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Article

Alpesh Maisuria and Dennis Beach

As described in Beach and Dovemark’s 2007 book, Education and the Commodity Problem, critical researchers have identified two fundamental roles for modern-day schools within capitalist states. These are the ideological and material roles and function, where schools produce ideologically compliant workers and consumers for a corporatist economy on the one hand, this is partly through a teaching and a curriculum, which is often hidden and informal; and, on the other form part of a corporate business plan for the accumulation of private capital in the welfare sector through mass outsourcing of welfare-State education provision and the wholesale commodification of education as a public service. This article presents a research method for investigating education in these circumstances. It is a method with a philosophical foundation not only for understanding contemporary educational empirical reality under neoliberal forms of capitalism, but also for developing critical consciousness for the transcendence and transformation of this condition toward a more just form of political economy and human existence. This research method draws from critical realism and its concept of explanatory critique as a way to forge a scientifically robust Marxist critical ethnography. In relation to this, the description of the method accompanies an overview of some of the basic principles and broadly accepted possibilities of and for ethnography and critical ethnography, followed by a presentation of what Marxist critical ethnography is and how Marxist critical ethnography functions as explanatory critique, respectively. This entails description of what explanatory critique is, and how it can be used to develop a philosophy of social science and an ontological base for ethnography. The aforementioned components together expand on a historical, theoretical, conceptual, and political development of ethnography as part of a Marxist approach to research and practice for social transformation.

Article

The climate crisis calls for changes in all areas of human life. One such area is the education sector, which needs to be the target of urgent reform to be able to support these crucial changes. International sustainability policies call for transformative changes in worldviews that may inspire new ways of thinking and acting. Worldview transformation means a major change in deep-rooted ways of viewing the world that results in long-lasting changes in individuals’ sense of self, their perception of their relationship to the world, and even their entire way of being. Worldviews interface with perceptions of issues like climate change in ways that are frequently overlooked. The climate crisis demands a reorientation and transformation of worldviews, a change in which education can play a pivotal role. Therefore, the crisis also calls for rapid educational policy reforms. A central question is how to make worldview transformation related to sustainability visible in education policy. The general school education curricula in Finland (Grades 1–12) express sustainability as a core aim. However, it is debatable whether educational policy such as the Finnish curricula can promote worldview transformation. Contesting policy objectives and gaps between policy and practice can prevent education from dealing effectively with large worldview quandaries such as the climate crisis. In addition, unclear relationships between research and policy are fundamental obstacles during policy development. Finally, an overriding concern in policy is the lack of focus on urgent global dilemmas; consequently, it does not per se promote learning that could lead to radical change.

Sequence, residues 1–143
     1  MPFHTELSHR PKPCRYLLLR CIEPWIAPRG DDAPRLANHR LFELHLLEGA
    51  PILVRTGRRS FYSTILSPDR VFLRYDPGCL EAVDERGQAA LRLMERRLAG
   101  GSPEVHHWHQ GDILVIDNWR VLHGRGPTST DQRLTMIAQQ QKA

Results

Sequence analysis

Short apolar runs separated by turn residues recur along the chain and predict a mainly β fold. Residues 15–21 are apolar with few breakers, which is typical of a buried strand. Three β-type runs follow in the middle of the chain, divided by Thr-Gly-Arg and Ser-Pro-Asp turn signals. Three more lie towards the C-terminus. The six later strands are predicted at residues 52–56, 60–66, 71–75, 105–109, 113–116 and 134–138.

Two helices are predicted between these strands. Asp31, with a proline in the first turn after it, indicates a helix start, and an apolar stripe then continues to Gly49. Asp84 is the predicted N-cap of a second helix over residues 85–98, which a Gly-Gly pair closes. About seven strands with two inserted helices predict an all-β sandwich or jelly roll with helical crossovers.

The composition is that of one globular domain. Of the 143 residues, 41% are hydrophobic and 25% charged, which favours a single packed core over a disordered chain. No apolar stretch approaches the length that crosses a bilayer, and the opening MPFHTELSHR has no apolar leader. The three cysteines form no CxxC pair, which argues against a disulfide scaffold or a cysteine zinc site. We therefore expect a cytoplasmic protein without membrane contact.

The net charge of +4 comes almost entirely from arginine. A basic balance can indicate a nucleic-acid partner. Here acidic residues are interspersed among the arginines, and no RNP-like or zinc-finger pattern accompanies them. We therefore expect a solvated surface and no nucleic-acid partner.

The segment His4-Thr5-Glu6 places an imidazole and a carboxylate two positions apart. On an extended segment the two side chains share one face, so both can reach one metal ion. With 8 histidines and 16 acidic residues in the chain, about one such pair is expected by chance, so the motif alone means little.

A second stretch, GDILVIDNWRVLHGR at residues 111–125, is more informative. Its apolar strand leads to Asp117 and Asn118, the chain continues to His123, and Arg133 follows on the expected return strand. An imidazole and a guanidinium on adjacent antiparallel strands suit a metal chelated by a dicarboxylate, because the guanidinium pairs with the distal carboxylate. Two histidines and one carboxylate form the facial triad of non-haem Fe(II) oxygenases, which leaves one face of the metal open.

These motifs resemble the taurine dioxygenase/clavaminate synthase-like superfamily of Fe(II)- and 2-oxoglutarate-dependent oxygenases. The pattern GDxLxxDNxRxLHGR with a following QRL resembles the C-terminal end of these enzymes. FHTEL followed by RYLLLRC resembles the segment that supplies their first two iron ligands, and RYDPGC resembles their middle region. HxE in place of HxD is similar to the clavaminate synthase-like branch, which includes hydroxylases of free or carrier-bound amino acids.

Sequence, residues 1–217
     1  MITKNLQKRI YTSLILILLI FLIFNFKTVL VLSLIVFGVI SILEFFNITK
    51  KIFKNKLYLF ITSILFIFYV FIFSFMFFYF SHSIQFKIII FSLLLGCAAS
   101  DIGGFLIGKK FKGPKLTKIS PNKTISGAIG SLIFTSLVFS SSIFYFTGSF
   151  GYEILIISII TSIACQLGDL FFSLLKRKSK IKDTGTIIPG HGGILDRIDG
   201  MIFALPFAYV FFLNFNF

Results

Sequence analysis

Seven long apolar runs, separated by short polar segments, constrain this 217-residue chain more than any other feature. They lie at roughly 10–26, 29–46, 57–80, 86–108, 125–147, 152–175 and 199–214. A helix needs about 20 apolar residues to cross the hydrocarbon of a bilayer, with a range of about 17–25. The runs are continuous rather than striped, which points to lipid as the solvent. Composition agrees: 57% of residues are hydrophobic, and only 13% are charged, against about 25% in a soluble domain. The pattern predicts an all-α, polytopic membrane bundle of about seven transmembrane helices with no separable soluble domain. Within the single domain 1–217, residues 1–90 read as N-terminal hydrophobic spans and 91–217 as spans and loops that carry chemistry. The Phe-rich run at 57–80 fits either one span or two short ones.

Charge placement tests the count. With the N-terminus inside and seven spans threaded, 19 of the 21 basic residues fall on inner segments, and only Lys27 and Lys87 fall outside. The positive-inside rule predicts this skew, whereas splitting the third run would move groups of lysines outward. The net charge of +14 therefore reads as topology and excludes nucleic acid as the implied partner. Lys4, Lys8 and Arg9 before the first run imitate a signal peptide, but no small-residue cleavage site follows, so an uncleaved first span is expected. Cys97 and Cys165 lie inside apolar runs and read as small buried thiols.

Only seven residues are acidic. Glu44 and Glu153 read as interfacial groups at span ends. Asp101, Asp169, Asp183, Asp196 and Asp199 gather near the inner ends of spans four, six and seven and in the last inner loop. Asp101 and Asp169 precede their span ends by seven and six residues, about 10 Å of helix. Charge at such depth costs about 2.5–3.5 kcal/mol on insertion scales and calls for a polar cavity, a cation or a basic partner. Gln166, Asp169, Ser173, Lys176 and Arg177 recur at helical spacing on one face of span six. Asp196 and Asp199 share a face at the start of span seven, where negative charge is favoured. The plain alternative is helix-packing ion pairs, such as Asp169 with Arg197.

Article

Julie Gorlewski and Isabel Nuñez

Curriculum, while often conceived as a static entity delivered as a neutral set of facts arranged in disciplinary categories, is, in reality, a pedagogical artifact—a product generated as a result of decisions made by a range of stakeholders who represent different cultural imperatives linked to contested perspectives about the purposes of school. Students’ and teachers’ experiences of school, then, are dialogic performances of a curriculum that promotes various levels of power and privilege, as well as understandings of equity and diversity. Therefore, whether or not it is recognized, the curriculum delivered in schools serves to either maintain or interrupt the status quo. Given the number of students who participate in public education, curriculum contributes a great deal to shaping the national narrative. Curriculum contributes to social movements, and the nature of the curriculum determines the direction of the movement. Since curriculum development and implementation involves myriad decisions, influence is wielded by those with decision-making power. Social status and cultural capital, both of which are historically linked with political power, largely determine who makes curricular decisions, as well as how decisions are made. These conditions pose challenges for those who have been historically marginalized within educational institutions. Despite obstacles related to systemic inequities, different forms of curriculum can and do contribute to the creation and perpetuation of social movements. Moreover, educators who understand how educational institutions function, how curricular changes occur, and how curriculum can be a source of and vehicle for change can create conditions for transformative activist curricular movements.